An endemic increase in the number of deaths attributable to prescribed opioids is found in all developed countries. In 2016 in the USA, more than 46 people died each day from overdoses involving prescription opioids. European data show that the number of patients receiving strong opioids is increasing. In addition, there is an upsurge in hospitalisations for opioid intoxication, opioid abuse and deaths in some European countries. This class of analgesic is increasingly used in many rheumatological pathologies. Cohort studies, in various chronic non-cancer pain (CNCP) (osteoarthritis, chronic low back pain, rheumatoid arthritis, etc), show that between 2% and 8% of patients are treated with strong opioids. In order to help rheumatologists prescribe strong opioids under optimal conditions and to prevent the risk of death, abuse and misuse, recommendations have recently been published (in France in 2016, the recommendations of the French Society of Study and Treatment of Pain, in 2017, the European recommendations of the European Federation of IASP Chapters and the American Society of International Pain Physicians). They agree on the same general principles: opioids may be of interest in situations of CNCP, but their prescription must follow essential rules. It is necessary to make an accurate assessment of the pain and its origin, to formulate therapeutic objectives (pain, function and/or quality of life), to evaluate beforehand the risk of abuse and to get a specialised opinion beyond a certain dose or duration of prescription.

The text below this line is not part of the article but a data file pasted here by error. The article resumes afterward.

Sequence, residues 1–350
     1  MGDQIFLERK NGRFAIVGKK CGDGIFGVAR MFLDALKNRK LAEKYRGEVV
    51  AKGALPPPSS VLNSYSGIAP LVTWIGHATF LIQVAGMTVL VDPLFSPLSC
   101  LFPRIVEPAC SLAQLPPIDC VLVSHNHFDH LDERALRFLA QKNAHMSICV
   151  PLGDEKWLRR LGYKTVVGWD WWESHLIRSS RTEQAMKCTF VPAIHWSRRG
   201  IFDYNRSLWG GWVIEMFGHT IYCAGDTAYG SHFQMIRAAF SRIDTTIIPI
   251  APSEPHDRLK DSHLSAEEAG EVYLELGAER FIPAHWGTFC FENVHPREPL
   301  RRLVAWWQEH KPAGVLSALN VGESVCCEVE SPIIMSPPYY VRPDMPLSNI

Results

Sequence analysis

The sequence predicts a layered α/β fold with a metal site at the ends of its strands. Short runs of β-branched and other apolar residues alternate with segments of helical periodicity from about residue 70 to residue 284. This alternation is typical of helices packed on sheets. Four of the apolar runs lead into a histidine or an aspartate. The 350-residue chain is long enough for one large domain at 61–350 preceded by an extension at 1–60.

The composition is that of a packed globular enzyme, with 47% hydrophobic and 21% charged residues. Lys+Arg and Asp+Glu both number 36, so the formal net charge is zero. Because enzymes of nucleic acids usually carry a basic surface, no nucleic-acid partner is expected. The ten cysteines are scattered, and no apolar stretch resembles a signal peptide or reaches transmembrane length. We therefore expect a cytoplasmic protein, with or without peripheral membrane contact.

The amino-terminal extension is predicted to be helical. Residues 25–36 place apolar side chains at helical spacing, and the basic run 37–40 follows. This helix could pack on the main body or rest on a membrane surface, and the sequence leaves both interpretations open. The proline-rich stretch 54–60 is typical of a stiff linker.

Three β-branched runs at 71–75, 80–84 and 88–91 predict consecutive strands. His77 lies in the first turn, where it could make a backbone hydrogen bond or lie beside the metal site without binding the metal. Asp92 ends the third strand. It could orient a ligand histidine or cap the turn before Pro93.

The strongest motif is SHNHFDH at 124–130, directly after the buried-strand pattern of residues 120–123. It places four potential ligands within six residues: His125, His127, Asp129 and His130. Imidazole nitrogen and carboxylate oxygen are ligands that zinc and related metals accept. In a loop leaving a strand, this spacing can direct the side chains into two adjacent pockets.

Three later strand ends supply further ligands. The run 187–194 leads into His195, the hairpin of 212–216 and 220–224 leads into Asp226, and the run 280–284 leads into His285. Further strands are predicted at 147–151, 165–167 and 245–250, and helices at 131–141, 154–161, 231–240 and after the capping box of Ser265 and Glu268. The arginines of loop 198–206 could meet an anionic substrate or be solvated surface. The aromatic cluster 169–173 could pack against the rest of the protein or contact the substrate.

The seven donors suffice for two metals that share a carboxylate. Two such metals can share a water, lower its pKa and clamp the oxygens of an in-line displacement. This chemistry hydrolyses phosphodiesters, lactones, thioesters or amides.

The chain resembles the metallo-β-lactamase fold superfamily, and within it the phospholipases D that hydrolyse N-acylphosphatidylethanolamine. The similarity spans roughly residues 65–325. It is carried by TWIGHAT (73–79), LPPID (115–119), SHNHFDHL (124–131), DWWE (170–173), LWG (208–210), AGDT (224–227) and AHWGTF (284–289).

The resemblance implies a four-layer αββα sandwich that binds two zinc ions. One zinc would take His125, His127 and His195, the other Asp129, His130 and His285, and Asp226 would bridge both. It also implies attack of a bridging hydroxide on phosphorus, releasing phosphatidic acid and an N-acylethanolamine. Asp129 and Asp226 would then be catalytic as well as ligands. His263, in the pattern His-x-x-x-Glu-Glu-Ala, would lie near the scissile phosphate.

- musculoskeletal pain
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Since the 1990s, strong and weak opioids have been prescribed in a field that is increasingly extensive, including acute pain and also chronic cancer and non-cancer pain. Since 1985, and the WHO classification of analgesics for cancer pain, strong opioids were prescribed beyond the initial scope of the WHO recommendations to treat non-cancer pain, including chronic pain, which, if we rely on the judicial claims in the USA, was helped by deceptive companies business practices’ made false representations the opioid addictiveness, it’s efficacy, in order to delude authorities, prescribers and patients.1 Twenty years ago, the first US recommendations were published to reinforce proper opioid prescription practices in chronic non-cancer pain (CNCP).2 Despite this, the problem has only become more pronounced.